When all hell breaks loose, systems fail and your vendor relationships go legal, there may be only one solution: an IT troubleshooter.
Many consultancies find themselves being called on to deal with projects that have gone septic, sometimes terminally so. These can involve troubleshooting and stabilising systems — particularly customer-facing systems — checking the quality of development and even source code and acting as an honest broker between client organisations and vendors or developers.
Philip Verstraaten, who is the interim head of strategic consulting at the Simpl Group, has been in several of these situations in his roles.
“Usually one of the parties comes and has a chat. Rather than go legal they want to keep it at a commercial level,” he says.
The consultant will look at agreements and specifications for the project in question and determine if contractual obligations have been met. Usually it is the client that calls in the consultant, but it can be the vendor or the developer as well.
“I was approached by one CEO who had issues with the way the CIO was dealing with a vendor,” Verstraaten says. In other cases it can be the CIO calling for help.
“You often find a lot of unsophisticated clients who lack the skills to manage projects, particularly software development projects, Verstraaten says.
Informal mediation can be involved but formal mediation is usually done by lawyers or professional mediators, he says.
Mike McLaughlin, managing director of Mimac, says clients are often looking for independence.
“The people you meet from vendors are often the sales guys who got their literature third-hand,” he says. Vendors make money by selling stuff, but McLaughlin often finds himself explaining to businesses why they don’t need to buy.
He says the kinds of projects that don’t deliver are often the ones where there is little or no business overview. There may be a project sponsor, but the sponsor is not active.
“You may get a result, but not what the business wants,” he says.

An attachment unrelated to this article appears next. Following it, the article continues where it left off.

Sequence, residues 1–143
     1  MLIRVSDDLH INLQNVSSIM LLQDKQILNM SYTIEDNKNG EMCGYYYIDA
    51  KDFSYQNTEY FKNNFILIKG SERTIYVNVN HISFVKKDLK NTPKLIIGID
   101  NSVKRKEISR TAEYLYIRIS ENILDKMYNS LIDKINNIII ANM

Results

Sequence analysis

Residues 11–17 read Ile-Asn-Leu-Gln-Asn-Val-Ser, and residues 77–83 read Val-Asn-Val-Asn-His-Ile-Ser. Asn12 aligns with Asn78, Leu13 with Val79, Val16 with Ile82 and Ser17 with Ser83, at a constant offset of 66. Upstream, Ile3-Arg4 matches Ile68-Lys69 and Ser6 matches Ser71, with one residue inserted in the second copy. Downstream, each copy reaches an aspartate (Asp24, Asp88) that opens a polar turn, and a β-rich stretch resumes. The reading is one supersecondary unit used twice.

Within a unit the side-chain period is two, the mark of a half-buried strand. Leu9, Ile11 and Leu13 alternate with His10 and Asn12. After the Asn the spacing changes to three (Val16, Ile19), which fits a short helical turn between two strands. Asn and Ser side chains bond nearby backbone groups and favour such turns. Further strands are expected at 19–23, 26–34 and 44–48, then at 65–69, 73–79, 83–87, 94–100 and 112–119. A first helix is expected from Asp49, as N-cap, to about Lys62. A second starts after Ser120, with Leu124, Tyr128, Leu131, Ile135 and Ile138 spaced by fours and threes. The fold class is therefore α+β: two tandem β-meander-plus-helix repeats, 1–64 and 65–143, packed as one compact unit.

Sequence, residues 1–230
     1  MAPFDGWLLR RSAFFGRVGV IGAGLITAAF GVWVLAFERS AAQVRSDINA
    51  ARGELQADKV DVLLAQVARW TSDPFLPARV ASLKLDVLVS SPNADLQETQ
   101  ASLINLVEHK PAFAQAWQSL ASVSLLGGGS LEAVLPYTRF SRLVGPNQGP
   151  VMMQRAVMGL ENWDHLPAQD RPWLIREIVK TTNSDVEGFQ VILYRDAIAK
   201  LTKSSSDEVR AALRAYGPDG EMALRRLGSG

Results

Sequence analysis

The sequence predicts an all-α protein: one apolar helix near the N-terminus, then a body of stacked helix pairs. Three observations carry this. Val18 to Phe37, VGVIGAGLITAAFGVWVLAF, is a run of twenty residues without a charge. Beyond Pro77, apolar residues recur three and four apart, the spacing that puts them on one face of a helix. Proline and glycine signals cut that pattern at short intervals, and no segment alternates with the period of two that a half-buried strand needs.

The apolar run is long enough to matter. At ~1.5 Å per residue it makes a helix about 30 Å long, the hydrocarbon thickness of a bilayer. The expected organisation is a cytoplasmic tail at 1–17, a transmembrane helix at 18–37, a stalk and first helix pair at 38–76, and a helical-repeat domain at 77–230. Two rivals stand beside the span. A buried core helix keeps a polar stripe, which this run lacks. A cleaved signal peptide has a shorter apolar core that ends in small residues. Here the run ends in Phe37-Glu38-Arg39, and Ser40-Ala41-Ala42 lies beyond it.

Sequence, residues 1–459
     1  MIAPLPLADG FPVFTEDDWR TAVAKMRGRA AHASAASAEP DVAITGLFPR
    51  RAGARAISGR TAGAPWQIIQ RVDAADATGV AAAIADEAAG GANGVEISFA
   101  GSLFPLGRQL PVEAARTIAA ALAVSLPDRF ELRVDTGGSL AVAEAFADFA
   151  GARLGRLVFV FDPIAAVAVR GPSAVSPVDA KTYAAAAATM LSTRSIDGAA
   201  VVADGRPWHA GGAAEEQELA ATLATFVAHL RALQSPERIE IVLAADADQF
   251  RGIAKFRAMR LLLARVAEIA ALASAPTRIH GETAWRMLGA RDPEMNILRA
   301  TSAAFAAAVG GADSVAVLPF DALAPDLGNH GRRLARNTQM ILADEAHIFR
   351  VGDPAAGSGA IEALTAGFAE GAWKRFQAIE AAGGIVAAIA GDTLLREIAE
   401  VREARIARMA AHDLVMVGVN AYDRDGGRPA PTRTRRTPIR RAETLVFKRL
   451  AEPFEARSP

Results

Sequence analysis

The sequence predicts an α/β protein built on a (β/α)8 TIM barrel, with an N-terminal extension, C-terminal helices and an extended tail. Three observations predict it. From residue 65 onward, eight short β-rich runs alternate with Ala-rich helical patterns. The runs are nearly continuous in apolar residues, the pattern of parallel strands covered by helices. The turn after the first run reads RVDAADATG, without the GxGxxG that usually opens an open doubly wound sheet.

In extreme cases, project success is no longer the priority — the priority is business survival. McLaughlin says most often he is called in by the person the IT manager reports to, whether that is the CIO, CEO or CFO. At that point the system is usually down, going down, or losing data, he says, and the company has thrown way too much money at fixing the problem. At this point, too, it is often the case that heads will roll — in one case seven in one go.
A typical scenario is a new system that works fine in development but fails under load.
“Many organisations do not have a roll-back plan,” McLaughlin says. If such systems are customer-facing, that may mean the phones stop ringing. The first job is to stabilise that situation, by “whatever it takes”. Another common thread in these situations, he says, is that projects have become way too complicated.
The longest crisis engagement McLaughlin has ever had was six months of fifteen hour days, but more typical is six to eight weeks.
Equinox is another consultancy that finds itself being called in times of crisis. Managing director Roger Dalgleish says a typical scenario would be that Equinox is called in to troubleshoot when all the other parties are “finger-pointing” at each other. This happens most frequently when there is no “prime” contractor.
“Often these are major integration projects,” he says.
Eight out of 10 times it is the client who calls in the consultant, looking for someone with a wide-ranging set of skills and credibility to talk to specialists and go through a problem solving process.
“They have to be able to talk at CEO level and about bits and bytes,” he says. “That’s when we are engaged.”
The outcomes vary. The consultant could recommend a change of technology. In one project Equinox recommended a database change, for instance. In those situations, Dalgleish says, “You have to be able to stand up to quite aggressive responses from the vendor community”.
Again, such consulting is often about whether contractual deliverables and performance levels have been met. Sometimes a vendor will call in the consultancy to make the assessment before penalty payments start to accrue.
Dalgleish says engagements fall into two categories: first, when the project is in deep trouble, cases of system failure; and second when an organisation understands the potential issues and gets the consultant engaged early in the project.
In the latter case, these are often organisations with strong CIOs and good management practices, he says.